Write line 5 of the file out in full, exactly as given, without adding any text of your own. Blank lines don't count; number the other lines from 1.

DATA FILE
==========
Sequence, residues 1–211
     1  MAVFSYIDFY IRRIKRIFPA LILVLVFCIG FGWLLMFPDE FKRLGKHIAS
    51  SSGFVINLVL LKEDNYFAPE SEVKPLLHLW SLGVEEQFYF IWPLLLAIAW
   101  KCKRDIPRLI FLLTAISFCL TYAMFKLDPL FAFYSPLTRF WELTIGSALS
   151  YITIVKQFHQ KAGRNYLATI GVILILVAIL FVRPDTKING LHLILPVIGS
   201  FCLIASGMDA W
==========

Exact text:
   151  YITIVKQFHQ KAGRNYLATI GVILILVAIL FVRPDTKING LHLILPVIGS